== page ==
In April 1783, the British Magazine and Revue; or Universal Miscellany published a “modern biography” of the actress-manageress Mary Ann Graham Yates, who was still living, and indeed, still performing, although at the end of her stellar career. This biography, which was excerpted and reprinted as Yates’s ‘authentic memoirs’ after her death in 1787, purports to “give an account of her progress in the delightful art she has made her profession” (251). The account begins with a theatrical anecdote: “our celebrated actress had never seen a play, till, at the age of sixteen, a lady took her to Romeo and Juliet; when the impassioned performance of Mrs. Cibber opened a new day on her delighted imagination” (251). The anecdote goes on to describe the impact of Susannah Cibber’s performance on the mind, manners and life of Mary Ann Graham, who succeeds Cibber as the stage’s leading tragedienne. This is theatrical anecdote at its most powerful. It is as revealing as it is factually inaccurate. However, the significance of this anecdote is not in any truth value it might have, but in the cultural need the story serves: it gives Mary Ann Yates an origin story and slots her into a theatrical line of succession, turning her relationship with Cibber into a story about the contagion of genius. It erases the differences between Cibber and Yates as well as rendering the craft and labour of acting invisible. My essay will use this anecdote to theorise the cultural work of origin stories in erasing theatrical conflict and in making “celebrity” appear natural and inevitable.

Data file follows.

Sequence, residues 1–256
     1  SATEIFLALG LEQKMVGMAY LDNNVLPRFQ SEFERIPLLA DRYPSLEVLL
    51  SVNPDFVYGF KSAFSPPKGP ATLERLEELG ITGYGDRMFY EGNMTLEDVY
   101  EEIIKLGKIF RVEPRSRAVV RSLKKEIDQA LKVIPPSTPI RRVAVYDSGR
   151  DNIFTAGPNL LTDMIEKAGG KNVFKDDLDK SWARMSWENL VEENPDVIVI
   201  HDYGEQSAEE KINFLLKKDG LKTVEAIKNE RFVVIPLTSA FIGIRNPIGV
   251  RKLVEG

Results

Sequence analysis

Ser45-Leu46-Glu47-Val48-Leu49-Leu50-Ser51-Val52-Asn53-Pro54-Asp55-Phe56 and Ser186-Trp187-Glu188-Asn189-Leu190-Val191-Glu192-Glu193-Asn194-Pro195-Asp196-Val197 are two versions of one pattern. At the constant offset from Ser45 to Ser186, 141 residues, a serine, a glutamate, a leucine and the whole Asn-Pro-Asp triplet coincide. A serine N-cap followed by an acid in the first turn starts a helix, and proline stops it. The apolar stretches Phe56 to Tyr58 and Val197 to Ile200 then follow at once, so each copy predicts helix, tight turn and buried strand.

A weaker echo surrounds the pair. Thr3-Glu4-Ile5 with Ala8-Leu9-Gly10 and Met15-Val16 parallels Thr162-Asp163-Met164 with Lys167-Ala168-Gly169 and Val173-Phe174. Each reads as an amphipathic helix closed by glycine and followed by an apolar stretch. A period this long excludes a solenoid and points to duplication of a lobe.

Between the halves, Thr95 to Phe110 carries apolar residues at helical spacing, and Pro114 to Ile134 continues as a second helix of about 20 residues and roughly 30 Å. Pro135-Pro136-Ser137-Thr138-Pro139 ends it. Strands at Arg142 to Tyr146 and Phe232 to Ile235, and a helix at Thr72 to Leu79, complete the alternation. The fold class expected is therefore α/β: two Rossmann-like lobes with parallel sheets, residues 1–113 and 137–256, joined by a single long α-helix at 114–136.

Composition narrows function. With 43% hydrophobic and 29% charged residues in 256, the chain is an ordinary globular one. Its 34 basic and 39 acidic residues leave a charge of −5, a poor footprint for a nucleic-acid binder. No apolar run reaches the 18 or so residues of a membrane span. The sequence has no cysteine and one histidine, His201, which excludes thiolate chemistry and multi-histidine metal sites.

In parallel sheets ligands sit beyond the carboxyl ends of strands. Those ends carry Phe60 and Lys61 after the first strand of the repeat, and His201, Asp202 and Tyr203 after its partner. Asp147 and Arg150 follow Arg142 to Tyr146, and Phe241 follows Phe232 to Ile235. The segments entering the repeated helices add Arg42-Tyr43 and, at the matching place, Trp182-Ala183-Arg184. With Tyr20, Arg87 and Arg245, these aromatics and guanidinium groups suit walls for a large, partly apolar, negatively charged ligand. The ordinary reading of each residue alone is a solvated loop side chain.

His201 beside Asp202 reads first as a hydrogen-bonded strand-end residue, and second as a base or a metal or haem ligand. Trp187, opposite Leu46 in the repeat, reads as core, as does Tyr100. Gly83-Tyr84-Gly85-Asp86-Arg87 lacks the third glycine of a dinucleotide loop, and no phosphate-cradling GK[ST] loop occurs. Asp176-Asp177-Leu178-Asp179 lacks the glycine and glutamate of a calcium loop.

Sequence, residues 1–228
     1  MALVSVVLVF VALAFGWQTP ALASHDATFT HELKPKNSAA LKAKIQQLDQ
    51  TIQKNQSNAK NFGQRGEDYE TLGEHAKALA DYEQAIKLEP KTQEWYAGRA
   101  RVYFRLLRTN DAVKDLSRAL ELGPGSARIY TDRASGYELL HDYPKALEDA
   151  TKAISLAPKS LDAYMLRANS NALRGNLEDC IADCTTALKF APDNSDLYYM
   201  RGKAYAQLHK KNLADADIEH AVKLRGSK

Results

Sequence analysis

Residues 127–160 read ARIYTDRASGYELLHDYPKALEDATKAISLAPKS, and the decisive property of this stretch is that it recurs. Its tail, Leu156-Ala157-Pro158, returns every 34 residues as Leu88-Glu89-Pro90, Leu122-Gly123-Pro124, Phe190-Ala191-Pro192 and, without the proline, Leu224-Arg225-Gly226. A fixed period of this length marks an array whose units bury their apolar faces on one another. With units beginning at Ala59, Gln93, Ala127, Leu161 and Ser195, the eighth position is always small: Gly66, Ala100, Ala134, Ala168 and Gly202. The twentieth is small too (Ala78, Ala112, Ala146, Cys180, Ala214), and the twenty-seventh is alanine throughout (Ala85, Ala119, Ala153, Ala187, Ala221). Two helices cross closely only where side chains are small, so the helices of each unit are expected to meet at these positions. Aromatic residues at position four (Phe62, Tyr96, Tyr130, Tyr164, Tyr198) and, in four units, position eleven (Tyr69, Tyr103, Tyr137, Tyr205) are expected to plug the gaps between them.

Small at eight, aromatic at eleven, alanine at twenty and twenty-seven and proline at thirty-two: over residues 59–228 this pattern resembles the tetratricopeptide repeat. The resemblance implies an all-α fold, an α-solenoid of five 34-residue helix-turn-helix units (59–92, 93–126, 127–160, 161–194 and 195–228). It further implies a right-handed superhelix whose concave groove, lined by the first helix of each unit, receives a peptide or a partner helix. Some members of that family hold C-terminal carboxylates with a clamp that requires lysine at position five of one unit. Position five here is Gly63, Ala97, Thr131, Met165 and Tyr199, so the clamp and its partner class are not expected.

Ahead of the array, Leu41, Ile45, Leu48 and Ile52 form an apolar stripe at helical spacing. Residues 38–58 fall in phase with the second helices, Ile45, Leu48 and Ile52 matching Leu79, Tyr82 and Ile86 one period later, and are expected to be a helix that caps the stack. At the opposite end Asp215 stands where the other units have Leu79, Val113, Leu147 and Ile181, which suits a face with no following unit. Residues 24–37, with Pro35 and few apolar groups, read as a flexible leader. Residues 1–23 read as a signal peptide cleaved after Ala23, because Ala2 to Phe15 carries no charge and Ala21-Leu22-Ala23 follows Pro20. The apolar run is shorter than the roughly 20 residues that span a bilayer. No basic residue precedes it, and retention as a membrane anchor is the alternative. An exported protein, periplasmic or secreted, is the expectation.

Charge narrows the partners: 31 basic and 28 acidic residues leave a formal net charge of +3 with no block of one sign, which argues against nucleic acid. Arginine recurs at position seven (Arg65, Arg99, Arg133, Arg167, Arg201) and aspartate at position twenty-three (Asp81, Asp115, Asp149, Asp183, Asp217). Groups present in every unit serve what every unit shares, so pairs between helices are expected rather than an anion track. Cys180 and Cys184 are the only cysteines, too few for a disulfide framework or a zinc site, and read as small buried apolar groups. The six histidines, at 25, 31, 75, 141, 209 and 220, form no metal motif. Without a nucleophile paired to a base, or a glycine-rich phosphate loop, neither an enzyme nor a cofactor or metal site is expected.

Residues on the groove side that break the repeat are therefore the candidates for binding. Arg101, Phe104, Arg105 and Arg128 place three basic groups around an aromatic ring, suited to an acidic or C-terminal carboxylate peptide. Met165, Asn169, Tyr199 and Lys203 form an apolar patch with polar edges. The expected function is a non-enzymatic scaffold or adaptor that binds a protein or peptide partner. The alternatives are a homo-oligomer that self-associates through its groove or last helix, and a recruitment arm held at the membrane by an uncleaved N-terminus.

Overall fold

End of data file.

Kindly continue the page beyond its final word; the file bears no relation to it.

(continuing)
|Title of host publication||Theatrical Anecdotes|
|Publisher||University of Delaware Press|
|Publication status||In preparation - 2019|